U.N. Takes Vatican to Task for Priest Abuse and More

Last month, the U.N. Committee on the Rights of the Child held a hearing for Vatican leaders to address child sexual abuse by Catholic clergy and the church hierarchy’s role in protecting perpetrators. Today, it issued a report urging the Vatican to take measures to prevent priest abuse from happening in the future.

The committee recommended that the Holy See immediately remove all clergy who are confirmed or suspected child abusers,  turn them into authorities and provide the U.N. with evidence about the abuse—which it has so far declined to do. The Vatican was also urged to invite outside experts and victims to participate in investigating clergy child abuse, the abuse of women in Magdalene laundries and the way these situations were handled by church authorities. Among several other recommendations by the committee, the Vatican was also told it should also pay full compensation to victims and families. The committee said that it was

“gravely concerned that the Holy See has not acknowledged the extent of the crimes committed, has not taken the necessary measures to address cases of child sexual abuse and to protect children, and has adopted policies and practices which have led to the continuation of the abuse by and the impunity of the perpetrators.”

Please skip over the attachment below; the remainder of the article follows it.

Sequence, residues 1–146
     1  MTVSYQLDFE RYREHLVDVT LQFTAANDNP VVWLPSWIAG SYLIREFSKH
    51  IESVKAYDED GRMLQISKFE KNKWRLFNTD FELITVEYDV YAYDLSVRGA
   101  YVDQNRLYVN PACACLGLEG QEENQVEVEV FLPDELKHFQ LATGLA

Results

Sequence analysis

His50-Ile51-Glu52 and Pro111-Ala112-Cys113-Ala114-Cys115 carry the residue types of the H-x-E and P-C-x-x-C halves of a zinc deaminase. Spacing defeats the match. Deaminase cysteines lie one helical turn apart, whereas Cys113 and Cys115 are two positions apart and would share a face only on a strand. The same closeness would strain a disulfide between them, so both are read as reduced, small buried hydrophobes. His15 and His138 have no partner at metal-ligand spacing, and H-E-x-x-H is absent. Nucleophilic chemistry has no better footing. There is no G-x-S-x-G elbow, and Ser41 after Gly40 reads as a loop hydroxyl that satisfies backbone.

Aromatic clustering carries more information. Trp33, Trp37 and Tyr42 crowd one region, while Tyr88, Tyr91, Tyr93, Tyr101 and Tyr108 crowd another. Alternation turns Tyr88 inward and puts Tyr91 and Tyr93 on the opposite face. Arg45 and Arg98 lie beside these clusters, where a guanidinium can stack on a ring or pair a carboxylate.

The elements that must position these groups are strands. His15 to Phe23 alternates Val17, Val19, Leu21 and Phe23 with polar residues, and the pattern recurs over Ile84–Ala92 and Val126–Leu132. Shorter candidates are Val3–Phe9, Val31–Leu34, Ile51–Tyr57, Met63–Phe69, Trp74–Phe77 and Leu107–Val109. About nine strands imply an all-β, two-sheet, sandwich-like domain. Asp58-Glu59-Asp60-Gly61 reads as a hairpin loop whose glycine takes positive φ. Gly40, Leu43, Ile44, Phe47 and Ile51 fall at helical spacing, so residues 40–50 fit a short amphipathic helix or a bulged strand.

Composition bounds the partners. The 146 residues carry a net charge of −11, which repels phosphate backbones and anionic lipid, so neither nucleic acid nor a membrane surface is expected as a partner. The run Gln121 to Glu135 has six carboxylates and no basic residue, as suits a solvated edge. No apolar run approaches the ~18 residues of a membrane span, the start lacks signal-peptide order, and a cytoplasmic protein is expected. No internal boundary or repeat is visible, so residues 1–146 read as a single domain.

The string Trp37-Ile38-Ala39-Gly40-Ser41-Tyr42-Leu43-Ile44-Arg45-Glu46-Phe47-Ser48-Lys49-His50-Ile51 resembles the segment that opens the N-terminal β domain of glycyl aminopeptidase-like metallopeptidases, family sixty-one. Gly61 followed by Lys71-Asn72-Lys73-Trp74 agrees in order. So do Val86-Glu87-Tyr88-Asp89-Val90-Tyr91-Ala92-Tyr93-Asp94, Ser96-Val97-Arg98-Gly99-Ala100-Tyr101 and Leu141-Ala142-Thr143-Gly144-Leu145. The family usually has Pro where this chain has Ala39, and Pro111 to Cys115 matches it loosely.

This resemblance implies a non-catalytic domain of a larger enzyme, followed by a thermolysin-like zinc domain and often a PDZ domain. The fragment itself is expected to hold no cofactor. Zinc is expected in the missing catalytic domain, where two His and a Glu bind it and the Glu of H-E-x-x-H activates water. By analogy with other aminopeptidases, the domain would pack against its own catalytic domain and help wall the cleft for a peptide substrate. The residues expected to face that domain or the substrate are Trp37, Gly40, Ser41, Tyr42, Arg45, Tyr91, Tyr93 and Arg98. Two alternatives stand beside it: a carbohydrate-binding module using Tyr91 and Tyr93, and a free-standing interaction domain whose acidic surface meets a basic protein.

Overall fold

In the U.S. alone between 1950 and 2010, 6,100 priests were accused of abuse, leading to an estimated 100,000 victims, according to Barbara Blaine, president of Survivors Network of Those Abused by Priests (SNAP). Globally, thousands more have been accused. As shown in recently released documents of the Chicago archdiocese, priests were frequently protected from punishment by being transferred to another parish, where they could start abusing others.

The report didn’t stop at priest abuse: It also condemned Vatican discrimination against homosexuality, suggested that all gender stereotyping be removed from Catholic schools’ textbooks, said the church hierarchy should review its position against abortion as it related to putting the health and life of pregnant women at risk and suggested the Vatican support comprehensive sex education in schools.

Although the recommendations are a step forward, they are, unfortunately, non-binding.  The Vatican quickly called the report “distorted” and “unfair.”

Read much more about the Vatican’s role in clergy sexual abuse in the forthcoming issue of Ms. magazine. Join the Ms. community today, and don’t miss a word!

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